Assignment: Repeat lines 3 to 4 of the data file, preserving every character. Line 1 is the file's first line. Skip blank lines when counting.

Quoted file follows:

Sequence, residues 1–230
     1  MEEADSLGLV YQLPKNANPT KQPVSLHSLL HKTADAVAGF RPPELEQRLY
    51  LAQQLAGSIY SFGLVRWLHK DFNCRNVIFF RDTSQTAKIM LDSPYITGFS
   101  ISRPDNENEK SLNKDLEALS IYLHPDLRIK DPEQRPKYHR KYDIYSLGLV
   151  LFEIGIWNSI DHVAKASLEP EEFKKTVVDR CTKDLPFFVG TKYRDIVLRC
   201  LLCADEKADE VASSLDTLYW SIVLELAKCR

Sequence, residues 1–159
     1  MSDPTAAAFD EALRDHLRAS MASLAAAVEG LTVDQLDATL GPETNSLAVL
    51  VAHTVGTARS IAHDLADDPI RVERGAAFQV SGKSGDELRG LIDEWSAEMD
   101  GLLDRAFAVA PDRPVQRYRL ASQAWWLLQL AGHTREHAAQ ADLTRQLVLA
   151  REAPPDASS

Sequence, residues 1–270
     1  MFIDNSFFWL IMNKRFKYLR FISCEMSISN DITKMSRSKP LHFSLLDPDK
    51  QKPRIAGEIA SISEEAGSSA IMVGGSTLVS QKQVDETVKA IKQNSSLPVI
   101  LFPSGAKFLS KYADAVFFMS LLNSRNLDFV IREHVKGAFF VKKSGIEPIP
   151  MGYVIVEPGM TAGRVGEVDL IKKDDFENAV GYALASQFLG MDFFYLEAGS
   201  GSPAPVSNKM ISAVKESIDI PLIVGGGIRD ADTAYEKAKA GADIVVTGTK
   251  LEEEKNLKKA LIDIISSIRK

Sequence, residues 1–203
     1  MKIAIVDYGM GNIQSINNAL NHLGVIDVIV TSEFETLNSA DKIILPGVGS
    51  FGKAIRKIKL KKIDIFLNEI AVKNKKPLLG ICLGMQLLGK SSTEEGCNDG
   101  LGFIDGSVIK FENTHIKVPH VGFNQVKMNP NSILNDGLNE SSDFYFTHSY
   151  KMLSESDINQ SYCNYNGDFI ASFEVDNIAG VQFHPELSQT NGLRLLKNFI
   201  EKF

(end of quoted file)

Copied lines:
    51  LAQQLAGSIY SFGLVRWLHK DFNCRNVIFF RDTSQTAKIM LDSPYITGFS
   101  ISRPDNENEK SLNKDLEALS IYLHPDLRIK DPEQRPKYHR KYDIYSLGLV